James seems to have married in 1804 or 1805 in Lancaster County. By 1810, James Reeves was living in Lancaster County as a head of household. James owned most of what is now the Rich Hill community in Lancaster County. On the 1825 Mills Atlas map of Lancaster County, his place is marked 'Reeves.' James and Betsy had three children who died young. James died January 29, 1844 according to his daughter Malissa's family bible. He left a will, but it was challenged right away. John declared the "Horton Acres" was his. He said his father had bought that land for him and must have been too old to remember it. Elisha and Bethena joined forces and sued everyone else in the family, including the in-laws and baby Charlotte, to keep the land. James H. Witherspoon ordered the disputed land to be put up at Public Auction to the highest bidder. John bought back 'his' land for $1802.
- Source: Research of Dora Reeves and Sherry McLemore; Census.

On the 1810 census, there are listed the ages which correspond to these people: James (listed as head) 16-25; Betsy (16-25); John (0-10); Winnie (0-10).

On the 1820 census, there are listed the ages which correspond to these people: James (listed as head) 26-45; ?Betsy (26-45); John (10-16); Winnie (10-16); Elisha (0-10); James Jr. (0-10); male1 (0-10); male2 (0-10); Jane (0-10); female (0-10). Three children, two boys and one girl, unidentifiable.

On the 1830 census, there are listed the ages which correspond to these people: James (listed as head) 40-50; Bethena (20-30); John (20-30); Elisha (16-20); James Jr. (16-20); Jane (10-15); male (10-15); Betsy (0-5); Malissa (0-5). One boy unidentifiable.

Although early Lancaster County, SC, probate records were destroyed, the land transactions are largely in tact. In one early transaction, circa 1814, James Reeves purchased 100 acres on Bear Creek that had been granted to James Blackmon in January 1780 from James Blackmon of Lancaster County. David Myers and John Blackmon witnessed the deed. (Lancaster Co., SC, DB H, p. 155.) In 1827, John Blackmon sold 15 acres to James Reeves. The land had been granted to John Blackmon on 16 January 1786 and joined land owned by Dudley Hale; George Craig and David Williams, husband of Elizabeth Reeves, witnessed the transaction. (Lancaster Co., SC, DB L, p. 284.)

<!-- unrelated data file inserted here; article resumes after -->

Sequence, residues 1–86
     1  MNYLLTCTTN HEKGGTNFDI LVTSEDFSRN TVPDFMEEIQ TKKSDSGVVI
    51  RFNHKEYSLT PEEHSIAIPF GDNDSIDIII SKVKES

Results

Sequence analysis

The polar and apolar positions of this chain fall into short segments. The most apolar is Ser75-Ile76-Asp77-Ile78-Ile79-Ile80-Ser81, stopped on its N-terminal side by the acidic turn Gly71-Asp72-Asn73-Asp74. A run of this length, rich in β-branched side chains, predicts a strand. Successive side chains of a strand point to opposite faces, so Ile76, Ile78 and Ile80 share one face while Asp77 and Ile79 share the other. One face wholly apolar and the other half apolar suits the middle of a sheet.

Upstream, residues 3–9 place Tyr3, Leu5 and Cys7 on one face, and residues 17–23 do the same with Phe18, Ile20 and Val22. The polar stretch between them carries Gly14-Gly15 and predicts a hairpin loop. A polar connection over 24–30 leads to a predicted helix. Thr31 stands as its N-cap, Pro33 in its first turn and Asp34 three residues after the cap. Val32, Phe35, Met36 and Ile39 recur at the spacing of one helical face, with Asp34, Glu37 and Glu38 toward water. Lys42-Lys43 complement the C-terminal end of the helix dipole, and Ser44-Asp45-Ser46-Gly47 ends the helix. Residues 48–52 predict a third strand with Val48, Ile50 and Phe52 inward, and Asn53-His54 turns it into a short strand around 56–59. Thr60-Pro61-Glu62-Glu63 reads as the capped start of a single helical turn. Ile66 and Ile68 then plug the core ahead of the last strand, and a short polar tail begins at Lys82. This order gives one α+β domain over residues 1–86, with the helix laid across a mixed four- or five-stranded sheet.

Lancaster County deeds show that James Reeves was involved in land transactions with Burrell Clark (1827, DB L, p. 281), Edward Pigg (1826, DB L, p. 282), William Baskins (1827, DB L, p. 283), and Amos Blackmon (1840, DB O, p. 3). James was also involved in land transactions with his son John (1839, DB L, pp. 459-64; 1840, DB L, p. 535; 1840, DB N, p. 535) and with his son James (1839, DB N, pp. 460-61). Following James's death, his second wife Bethenia, who survived him, was also involved in land transactions (1850; DB Q, p. 24).

Cumulatively, land transactions associate James Reeves and his sons John and James Brady Reeves with Flat Creek, Rocky River Road, Bear Creek, and Little Lynches Creek in southeastern Lancaster County.

This page has the following file(s) attached:-


Sources

Jonathan Reeves' Reeves Family Website(external link)
1844 Will of James Reeves, Sr.
1790 Census - Lancaster County, SC
1800 Census - Lancaster County, SC
1810 Census - Lancaster County, SC
1820 Census - Lancaster County, SC
1830 Census - Lancaster County, SC
Lancaster County, SC Deed Records


Contributors to this page: Jonathan Reeves1873 points  , Dan_Knight8638 points  and Beverly87594 points  .
Page last modified on Wednesday 06 of September, 2017 16:37:54 CDT by Jonathan Reeves1873 points .


Show php error messages